The 1981 Pulitzer Prize-winning drama Crimes of the Heart has become a staple among actresses looking for meaty roles in the theatre. A New York-based actress, Wende O'Reilly, coordinated a top-notch production as a special project for her theatre group, Love Creek Productions.
The McGrath sisters of Hazlehurst, Mississippi -- Babe (O'Reilly), Meg (Teri Monahan) and Lenny (Moira Boag) -- are reunited in October 1974 under rather peculiar circumstances. Seems the youngest, Babe, has wounded her big-shot lawyer husband, and has asked restless middle sister Meg to return home to be with her and Lenny, the eldest sister whose birthday everybody seems to have forgotten.
Henley's work holds up well, showcasing her quirky wit and emotional dramatic situations. Suicide and attempted murder may not seem the most jovial of topics, but in Henley's hands it appears early on that everything is going to work out all right.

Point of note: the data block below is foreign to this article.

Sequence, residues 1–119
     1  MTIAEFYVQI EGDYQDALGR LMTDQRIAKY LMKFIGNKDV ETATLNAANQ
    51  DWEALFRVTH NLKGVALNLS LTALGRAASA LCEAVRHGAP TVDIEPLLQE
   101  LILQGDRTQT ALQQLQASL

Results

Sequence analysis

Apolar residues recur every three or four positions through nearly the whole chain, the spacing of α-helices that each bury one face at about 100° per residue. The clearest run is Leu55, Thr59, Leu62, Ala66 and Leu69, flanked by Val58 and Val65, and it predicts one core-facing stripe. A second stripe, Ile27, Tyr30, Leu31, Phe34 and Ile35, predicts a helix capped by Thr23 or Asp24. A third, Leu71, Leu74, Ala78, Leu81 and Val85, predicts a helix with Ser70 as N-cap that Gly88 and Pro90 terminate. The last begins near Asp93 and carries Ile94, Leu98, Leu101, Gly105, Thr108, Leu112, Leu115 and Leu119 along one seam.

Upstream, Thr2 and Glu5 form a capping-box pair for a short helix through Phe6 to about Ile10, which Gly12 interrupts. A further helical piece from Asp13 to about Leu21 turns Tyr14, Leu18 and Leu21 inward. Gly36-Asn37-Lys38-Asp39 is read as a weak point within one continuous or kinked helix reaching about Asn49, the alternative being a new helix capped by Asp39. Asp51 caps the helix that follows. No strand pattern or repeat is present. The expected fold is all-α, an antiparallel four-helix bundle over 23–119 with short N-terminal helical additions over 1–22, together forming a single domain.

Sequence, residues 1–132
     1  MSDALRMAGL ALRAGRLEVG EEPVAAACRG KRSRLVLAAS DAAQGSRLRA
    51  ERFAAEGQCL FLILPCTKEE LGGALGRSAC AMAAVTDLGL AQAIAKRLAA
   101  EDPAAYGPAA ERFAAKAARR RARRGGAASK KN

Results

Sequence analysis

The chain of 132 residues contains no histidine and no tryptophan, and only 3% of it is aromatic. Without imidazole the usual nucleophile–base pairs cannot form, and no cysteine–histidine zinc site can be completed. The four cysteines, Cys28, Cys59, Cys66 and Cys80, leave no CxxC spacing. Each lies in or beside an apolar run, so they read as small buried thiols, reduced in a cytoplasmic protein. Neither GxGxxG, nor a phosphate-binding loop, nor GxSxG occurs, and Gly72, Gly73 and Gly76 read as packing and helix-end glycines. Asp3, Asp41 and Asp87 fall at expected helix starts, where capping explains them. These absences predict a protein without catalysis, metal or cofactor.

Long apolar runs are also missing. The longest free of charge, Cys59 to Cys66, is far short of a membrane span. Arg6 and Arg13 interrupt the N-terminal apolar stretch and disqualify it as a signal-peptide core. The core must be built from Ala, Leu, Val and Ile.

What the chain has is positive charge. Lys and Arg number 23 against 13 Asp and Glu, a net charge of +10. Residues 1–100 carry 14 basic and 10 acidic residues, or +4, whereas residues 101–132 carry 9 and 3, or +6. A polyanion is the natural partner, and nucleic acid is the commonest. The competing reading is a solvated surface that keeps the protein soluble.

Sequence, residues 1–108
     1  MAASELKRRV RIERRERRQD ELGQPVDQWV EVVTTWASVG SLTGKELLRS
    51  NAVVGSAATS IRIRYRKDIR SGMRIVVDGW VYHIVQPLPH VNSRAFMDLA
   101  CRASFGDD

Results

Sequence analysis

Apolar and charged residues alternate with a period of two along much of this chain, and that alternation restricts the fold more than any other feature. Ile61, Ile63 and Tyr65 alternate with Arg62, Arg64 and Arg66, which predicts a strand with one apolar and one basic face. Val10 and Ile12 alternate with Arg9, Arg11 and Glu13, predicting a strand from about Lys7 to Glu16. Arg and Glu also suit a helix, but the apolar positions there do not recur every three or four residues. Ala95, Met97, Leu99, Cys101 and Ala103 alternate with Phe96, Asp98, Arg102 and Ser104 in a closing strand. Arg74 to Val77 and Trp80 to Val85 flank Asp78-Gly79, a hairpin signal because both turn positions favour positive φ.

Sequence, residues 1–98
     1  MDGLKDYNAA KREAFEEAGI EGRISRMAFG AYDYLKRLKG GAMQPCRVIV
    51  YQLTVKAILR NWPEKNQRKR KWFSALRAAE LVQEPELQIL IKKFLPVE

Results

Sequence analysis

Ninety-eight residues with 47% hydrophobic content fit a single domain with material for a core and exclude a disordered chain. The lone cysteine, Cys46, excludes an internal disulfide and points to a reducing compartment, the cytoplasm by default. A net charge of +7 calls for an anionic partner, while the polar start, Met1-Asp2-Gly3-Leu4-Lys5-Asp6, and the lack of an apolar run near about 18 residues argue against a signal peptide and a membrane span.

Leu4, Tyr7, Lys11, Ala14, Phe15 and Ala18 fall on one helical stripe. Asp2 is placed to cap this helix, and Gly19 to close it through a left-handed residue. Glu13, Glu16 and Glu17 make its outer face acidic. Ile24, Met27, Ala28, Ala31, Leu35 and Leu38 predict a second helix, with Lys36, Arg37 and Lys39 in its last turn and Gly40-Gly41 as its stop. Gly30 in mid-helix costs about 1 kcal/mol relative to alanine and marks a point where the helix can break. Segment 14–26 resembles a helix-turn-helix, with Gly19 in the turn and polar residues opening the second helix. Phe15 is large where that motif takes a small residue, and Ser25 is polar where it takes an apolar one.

The sensitive direction by Steven Williams brought out a lot of the tender and tense moments between the sisters and their three visitors -- up-in-everybody's-business Chick (Beth Hallo), Babe's wet-behind-the-ears lawyer Barnette (Matt Klan), and Meg's former beau-who's-still-got-a-crush-on-her-even-though-he's-married, Doc (Brit Herring).
For their part, the cast members handled their Southern assignments well, bringing equal amounts of down-home humor and soft-spoken angst to their well-written roles. Boag was fine as the sturdiest sister who has recently been feeling a bit shaky; Monahan was raucous as the rebellious sibling; and O'Reilly was delightful as the misguided but well-meaning youngest member of the family. Hallo, Herring, and Klan each found moments to make their own as well.
The uncredited technical elements supplemented the fine efforts of the cast and director onstage.
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Copyright 2003 Elias Stimac